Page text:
Winter Conference Bursaries
- Bursaries are offered each year to enable a registered student or a professional in the early years of his or her career to attend the winter conference. Further information on how to apply in 2019 will be published here when available.
Previous Winter Conferences
- December 1999 - The Use of Tree-ring Dating for Research
- December 2000 - Vernacular Architecture and Related Fields
- December 2001 - The Transition from the Medieval to the Early-Modern House Revisited
- December 2002 - News From the Regions
- December 2003 - VAG 50th Anniversary Conference: Celebration and Speculation
- December 2004 - Vernacular Buildings and the Church
- December 2005 - Buildings, Rebuildings and Vernacular Thresholds
- December 2006 - Houses of Mud and Earth
- December 2007 - Towns and Town Houses 1000-1700
- December 2008 - Marginal Architecture
- December 2009 - The Polite Threshold
- January 2011 - Service Rooms, Servants' Chambers, and Storage
- January 2012 - Where, When and Why? - Themes and Ideas in Vernacular Architecture Studies inspired by J T Smith
- January 2013 - The Medieval Peasant House Revisited
- January 2014 - Attention to Detail
- January 2015 - Farmsteads in Focus
- January 2016 - Vernacular Boundaries
- January 2017 - Seeing the wood and the trees: the management of timber from source to building site
- January 2018 - Vernacular Survival: the vernacular architecture of the ‘long eighteenth century’
Oxford Weekend Schools
The Group contributes to occasional weekend schools held in Oxford and run by the Oxford University Department of Continuing Education. Previously run annually, the weekends are now arranged on an ad-hoc basis. They are open to the public and will be advertised here as they become available.
Previous Oxford Weekend Schools
- The Vernacular Workshop - from craft to industry, 1400-1900
- Housing for the Masses, 1800-2000
- Diffusion and Invention - vernacular building in England and the New World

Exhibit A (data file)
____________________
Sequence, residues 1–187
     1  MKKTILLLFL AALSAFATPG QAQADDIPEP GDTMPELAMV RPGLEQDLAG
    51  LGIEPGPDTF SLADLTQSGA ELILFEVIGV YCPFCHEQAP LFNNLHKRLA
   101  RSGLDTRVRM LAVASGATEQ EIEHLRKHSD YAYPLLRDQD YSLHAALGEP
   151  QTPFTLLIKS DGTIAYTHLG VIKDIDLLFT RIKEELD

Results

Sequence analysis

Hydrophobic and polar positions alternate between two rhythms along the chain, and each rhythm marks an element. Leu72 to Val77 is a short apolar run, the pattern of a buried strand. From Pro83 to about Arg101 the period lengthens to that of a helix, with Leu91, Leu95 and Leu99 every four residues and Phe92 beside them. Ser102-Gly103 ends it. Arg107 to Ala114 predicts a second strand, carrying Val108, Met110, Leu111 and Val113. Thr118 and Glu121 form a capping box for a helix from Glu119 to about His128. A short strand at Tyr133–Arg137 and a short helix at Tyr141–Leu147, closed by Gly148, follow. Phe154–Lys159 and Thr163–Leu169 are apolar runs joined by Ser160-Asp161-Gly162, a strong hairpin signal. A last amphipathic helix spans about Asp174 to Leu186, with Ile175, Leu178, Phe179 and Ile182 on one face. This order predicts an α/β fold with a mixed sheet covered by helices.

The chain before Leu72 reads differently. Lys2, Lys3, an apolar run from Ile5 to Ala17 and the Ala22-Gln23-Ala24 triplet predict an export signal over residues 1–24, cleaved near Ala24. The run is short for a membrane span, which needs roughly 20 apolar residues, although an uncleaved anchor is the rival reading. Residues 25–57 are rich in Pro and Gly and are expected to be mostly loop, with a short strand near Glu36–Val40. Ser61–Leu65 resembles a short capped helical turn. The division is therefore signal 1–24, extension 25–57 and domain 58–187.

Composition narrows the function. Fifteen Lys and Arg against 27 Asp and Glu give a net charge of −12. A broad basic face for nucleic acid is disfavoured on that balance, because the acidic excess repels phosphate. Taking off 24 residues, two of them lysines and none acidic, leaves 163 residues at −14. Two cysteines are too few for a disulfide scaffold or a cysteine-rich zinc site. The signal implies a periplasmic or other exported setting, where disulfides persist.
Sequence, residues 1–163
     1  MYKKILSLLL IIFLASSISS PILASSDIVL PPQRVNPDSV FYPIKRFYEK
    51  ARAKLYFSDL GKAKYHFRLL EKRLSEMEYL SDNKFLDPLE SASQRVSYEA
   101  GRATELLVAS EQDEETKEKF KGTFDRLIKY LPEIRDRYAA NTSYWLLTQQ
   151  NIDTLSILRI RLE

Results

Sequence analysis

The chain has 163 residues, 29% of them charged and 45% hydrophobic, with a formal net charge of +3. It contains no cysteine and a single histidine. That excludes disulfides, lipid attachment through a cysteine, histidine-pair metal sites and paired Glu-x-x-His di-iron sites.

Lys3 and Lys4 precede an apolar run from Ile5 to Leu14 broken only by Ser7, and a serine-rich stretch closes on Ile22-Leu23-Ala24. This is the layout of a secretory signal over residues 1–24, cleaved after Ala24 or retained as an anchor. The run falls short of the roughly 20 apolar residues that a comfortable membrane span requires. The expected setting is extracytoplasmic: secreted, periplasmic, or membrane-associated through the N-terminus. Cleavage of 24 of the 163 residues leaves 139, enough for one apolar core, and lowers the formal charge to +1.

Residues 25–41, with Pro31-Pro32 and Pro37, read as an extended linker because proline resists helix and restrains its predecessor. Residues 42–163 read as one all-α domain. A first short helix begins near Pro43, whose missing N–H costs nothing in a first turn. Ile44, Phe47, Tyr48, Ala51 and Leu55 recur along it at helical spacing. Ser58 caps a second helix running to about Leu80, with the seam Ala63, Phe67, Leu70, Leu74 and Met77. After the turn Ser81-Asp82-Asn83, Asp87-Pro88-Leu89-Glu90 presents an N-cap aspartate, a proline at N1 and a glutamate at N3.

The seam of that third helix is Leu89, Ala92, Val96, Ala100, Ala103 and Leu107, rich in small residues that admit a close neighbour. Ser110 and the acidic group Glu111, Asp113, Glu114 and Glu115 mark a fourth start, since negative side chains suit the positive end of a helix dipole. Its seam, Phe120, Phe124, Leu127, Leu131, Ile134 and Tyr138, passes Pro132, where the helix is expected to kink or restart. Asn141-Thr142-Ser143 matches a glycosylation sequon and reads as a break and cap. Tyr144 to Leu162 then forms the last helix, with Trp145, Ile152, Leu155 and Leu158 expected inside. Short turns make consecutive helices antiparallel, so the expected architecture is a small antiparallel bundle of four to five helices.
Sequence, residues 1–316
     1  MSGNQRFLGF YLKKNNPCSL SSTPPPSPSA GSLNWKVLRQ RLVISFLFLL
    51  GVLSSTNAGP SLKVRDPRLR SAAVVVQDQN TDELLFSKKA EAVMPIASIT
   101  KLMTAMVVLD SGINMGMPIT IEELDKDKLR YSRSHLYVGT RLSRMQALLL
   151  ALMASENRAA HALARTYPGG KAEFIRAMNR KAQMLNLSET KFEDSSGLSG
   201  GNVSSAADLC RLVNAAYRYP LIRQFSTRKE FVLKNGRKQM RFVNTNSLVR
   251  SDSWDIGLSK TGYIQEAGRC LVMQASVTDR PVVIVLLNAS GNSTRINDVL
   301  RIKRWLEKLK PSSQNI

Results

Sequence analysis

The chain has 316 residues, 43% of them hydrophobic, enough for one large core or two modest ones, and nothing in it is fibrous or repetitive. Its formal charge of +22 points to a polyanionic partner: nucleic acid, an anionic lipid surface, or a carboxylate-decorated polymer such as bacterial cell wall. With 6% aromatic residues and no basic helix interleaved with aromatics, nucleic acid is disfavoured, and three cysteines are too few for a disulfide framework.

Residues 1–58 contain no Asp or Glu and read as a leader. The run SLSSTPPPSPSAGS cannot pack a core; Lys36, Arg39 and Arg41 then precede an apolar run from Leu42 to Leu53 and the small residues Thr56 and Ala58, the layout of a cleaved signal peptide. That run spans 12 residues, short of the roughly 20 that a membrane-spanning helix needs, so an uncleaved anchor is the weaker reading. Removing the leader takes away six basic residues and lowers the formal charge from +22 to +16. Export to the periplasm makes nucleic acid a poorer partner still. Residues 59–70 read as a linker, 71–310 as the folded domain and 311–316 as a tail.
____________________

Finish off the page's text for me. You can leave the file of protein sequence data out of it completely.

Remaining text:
- Estate Building: The Impact of Estates on the Built Landscape
- Vernacular Interiors in the British Tradition
- Markets and Market Places
- Medieval Domestic Cultures
- The Eighteenth Century Town House
- Medieval Communal Life and its Buildings
- Getting About: Buildings and Inland Transport
- Workers' Homes: Improvement and Technology
- Vernacular Revivals
- Recording Town Buildings
- Cruck Buildings: Origins, Distribution, Significance and Derivatives
Tip: if all the residential places on Oxford Weekend Schools are already taken, you may be able to find alternative student accommodation in Oxford at various prices via University-Rooms.
Other Conferences and Visits
Visit to France 2016
The VAG arranged a trip to the Maine region of France on 23-27 June 2016. A full report is available on the Members' Area.
Visit to Denmark
The VAG organised a trip to Denmark on 8-14 June 2014, visiting a number of historic towns and some of the many long-established folk museums, where historic buildings have been collected together to illustrate the regional differences.
Saeters and Stave Churches
The group organised a tour to Norway on 16-26 June 2011 to visit some of its notable timber buildings. A full report is available on the Members' Area.